Cases reported "hypersensitivity"

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11/382. asthma induced by allergy to trichophyton rubrum.

    The worldwide incidence of asthma and of allergic respiratory diseases is increasing (Akiyama K. 'Environmental allergens and allergic diseases.' Rinsho Byori 1997;45(1):13. D'Amato G, Liccardi G, D'Amato M. environment and development of respiratory allergy. II. Indoors. Monaldi Arch Chest Dis 1994;49(5):412. Weeke AR. epidemiology of allergic diseases in children. Rhinol Suppl 1992;13:5. Ulrik CS, Backer V, Hesse B, Dirksen A. risk factors for development of asthma in children and adolescents: findings from a longitudinal population study. Respir Med 1996;90(10):623.) This has been attributed to several factors, including lifestyle changes and an expanding variety of potential causative allergens. Management of asthma entails preventive and acute medications, immunologic therapies, and removal of the identified allergen(s) from the patient's environment. Without the latter, patients may not experience full symptomatic relief. This case report describes a patient who developed bronchial asthma subsequent to an infection of tinea pedis and pedal onychomycosis; antifungal management resulted in full resolution of his tinea pedis, onychomycosis and asthma. ( info)

12/382. thalidomide-induced toxic epidermal necrolysis.

    Toxic epidermal necrolysis (TEN) is a severe dermatologic disorder associated with mortality of up to 30%. Withdrawal of the causative agent is crucial in its management. Although thalidomide-induced dermatologic disorders rarely were reported before thalidomide was administered to patients positive for the human immunodeficiency virus, hypersensitivity reactions including rash are the agent's major dose-limiting toxicities in this population. As it is prescribed for other immunosuppressed patients, such as those with malignancies, the frequency of dermatologic reactions (including TEN) may increase. A 62-year-old woman developed TEN after approximately 5 weeks of thalidomide therapy for the treatment of a glioblastoma. ( info)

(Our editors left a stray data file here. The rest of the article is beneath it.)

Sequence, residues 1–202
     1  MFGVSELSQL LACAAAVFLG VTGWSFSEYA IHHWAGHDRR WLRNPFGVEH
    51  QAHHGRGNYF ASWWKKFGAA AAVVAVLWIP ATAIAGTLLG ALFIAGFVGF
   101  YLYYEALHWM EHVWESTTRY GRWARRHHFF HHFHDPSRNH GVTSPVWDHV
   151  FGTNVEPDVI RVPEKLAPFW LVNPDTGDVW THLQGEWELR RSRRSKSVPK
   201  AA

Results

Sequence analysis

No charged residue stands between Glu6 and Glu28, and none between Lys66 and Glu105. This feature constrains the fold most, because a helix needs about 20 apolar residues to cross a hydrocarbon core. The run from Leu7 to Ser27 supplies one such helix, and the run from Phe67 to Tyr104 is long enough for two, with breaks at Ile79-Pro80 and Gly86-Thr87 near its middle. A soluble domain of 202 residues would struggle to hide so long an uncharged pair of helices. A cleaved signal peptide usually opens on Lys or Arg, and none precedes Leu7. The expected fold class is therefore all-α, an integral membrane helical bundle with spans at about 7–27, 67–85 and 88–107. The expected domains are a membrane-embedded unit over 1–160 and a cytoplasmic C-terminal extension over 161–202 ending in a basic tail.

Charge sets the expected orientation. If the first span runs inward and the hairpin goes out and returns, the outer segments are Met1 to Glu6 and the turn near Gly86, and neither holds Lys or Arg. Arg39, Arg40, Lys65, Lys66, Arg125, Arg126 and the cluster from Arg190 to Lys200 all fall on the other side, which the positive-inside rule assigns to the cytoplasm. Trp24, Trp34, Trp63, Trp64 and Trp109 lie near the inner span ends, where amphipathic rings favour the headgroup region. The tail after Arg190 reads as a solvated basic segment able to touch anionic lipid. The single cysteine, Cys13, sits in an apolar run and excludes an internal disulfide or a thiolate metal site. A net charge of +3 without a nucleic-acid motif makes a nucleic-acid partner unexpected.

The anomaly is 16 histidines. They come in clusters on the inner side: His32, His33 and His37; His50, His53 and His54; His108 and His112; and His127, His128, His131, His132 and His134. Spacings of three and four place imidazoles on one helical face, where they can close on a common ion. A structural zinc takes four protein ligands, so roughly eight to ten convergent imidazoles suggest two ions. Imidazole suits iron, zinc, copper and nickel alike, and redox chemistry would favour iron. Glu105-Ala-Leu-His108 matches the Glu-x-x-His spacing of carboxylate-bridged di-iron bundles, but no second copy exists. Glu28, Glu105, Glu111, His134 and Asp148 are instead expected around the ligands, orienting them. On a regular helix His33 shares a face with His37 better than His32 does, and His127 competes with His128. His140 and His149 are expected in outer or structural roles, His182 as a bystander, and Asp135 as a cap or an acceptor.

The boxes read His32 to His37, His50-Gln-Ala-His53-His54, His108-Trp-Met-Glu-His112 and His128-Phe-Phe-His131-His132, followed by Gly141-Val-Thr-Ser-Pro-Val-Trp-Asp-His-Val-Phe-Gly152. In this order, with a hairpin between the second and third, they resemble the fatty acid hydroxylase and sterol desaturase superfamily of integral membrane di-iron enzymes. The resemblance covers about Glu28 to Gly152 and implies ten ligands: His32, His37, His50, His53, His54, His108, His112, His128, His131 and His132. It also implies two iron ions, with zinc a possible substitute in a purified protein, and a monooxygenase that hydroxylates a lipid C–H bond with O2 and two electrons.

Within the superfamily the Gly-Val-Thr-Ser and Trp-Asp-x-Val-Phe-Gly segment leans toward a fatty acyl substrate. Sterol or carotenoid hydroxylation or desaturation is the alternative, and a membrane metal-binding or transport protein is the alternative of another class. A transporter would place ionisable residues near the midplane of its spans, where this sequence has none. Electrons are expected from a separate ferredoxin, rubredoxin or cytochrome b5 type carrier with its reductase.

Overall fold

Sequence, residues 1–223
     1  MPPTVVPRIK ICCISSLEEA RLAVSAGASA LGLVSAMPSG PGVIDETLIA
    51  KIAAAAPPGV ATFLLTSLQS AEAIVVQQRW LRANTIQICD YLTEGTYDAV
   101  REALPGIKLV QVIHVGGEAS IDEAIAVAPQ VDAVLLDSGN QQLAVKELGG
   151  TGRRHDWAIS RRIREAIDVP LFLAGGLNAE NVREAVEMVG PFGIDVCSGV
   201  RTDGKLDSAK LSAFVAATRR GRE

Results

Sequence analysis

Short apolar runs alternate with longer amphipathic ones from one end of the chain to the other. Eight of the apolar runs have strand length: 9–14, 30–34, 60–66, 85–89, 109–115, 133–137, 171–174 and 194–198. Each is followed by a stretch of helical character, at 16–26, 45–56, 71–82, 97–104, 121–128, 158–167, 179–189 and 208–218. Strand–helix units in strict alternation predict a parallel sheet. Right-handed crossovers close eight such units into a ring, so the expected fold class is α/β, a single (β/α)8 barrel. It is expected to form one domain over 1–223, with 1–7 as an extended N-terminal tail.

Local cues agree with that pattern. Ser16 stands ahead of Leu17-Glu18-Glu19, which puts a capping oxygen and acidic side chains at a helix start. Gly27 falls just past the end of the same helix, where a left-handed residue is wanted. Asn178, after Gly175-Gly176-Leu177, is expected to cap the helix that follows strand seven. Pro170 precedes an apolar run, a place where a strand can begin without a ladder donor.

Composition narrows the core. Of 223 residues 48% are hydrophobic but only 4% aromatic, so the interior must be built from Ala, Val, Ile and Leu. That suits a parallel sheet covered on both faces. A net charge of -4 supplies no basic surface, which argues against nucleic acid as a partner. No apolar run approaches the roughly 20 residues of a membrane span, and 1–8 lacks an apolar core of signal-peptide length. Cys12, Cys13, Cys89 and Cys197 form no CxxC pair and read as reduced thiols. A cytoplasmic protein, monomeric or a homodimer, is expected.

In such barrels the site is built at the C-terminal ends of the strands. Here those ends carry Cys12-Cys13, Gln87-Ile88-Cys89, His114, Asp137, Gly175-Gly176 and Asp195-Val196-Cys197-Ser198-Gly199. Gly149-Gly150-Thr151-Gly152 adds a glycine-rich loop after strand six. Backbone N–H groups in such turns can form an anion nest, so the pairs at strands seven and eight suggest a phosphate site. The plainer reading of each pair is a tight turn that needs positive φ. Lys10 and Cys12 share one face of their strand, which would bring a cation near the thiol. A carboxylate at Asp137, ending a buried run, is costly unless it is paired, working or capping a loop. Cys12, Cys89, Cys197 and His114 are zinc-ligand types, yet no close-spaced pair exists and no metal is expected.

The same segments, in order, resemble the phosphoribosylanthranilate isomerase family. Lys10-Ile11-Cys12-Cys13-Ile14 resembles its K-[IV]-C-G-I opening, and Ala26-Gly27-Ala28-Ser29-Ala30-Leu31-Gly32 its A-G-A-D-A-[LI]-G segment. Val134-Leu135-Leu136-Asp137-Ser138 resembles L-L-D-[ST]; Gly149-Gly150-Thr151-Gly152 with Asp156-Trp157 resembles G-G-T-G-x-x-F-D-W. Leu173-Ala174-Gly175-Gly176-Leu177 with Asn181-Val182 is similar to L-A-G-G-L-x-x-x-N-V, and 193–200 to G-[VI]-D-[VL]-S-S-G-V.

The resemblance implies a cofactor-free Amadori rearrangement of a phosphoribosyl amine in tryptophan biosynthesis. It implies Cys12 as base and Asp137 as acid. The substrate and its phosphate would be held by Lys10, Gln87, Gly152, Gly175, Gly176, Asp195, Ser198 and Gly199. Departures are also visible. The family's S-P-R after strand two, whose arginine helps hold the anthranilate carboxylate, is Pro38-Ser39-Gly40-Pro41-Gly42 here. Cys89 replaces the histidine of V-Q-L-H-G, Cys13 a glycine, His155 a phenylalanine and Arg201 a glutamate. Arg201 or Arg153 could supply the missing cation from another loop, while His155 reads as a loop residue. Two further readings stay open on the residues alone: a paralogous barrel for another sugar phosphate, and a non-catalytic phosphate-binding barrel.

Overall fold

13/382. starch granulomatous peritonitis.

    An unusual case of recurrent starch granulomatous peritonitis that presented as a long-standing paralytic ileus is described and the literature pertaining to this unusual entity is reviewed. The roentgenographic finding of severe prolonged paralytic ileus usually developing late in the post-operative period should suggest the possibility of this disease. ( info)

14/382. Transient eosinophilia by hiv infection.

    We describe a case of early human immunodeficiency virus infection characterized by transient eosinophilia without an elevated immunoglobulin e concentration, allergic symptoms, or atopic dermatitis. Possible mechanisms of the eosinophilia are discussed. ( info)

15/382. What does anisakis simplex parasitism in gastro-allergic anisakiasis teach us about interpreting specific and total IgE values?

    BACKGROUND: gastro-allergic anisakiasis is a mostly transitory clinical entity caused by anisakis simplex (A. simplex) and can be suspected by history and confirmed by fiberoptic gastroscopy and specific IgE. OBJECTIVE: we report a case of gastro-allergic anisakiasis, in which the parasite induces a high specific and total IgE response, and want to follow the specific and total IgE values by a serologic follow up over 10 months. methods: an analysis of total IgE and specific IgE against. A. simplex was performed within 24 hours, after 1, 4, 6 and 10 months. At month 4 and month 10 specific IgE against ascaris lumbricoides and echinococcus granulosus was determined in order to value cross-reactivity. RESULTS: there is an important raise in specific IgE against anisakis simplex (up to 903 kU/l) after 6 months and total IgE (up to 15,258 kU/l) after one month. Cross-reactive specific IgE against ascaris lumbricoides and echinococcus granulosus can be detected. CONCLUSIONS: we consider a raise of total and specific IgE as a typical feature of helminth infestation and learn that specific and total IgE values are highly variable in the months following the allergic and parasite-specific reaction. The amount of specific IgE against other cross reactive parasites depends directly on the total IgE values. ( info)

16/382. Aluminium allergy in a patient with occupational contact dermatitis.

    Case of a 57-year-old hospital attendant with hand eczema. patch tests were read at 2 and 3 days using the 1 to 3 scoring system recommended by the Contact dermatitis research Group. ( info)

17/382. An adult patient with hypersensitivity to mosquito bites developing mantle cell lymphoma.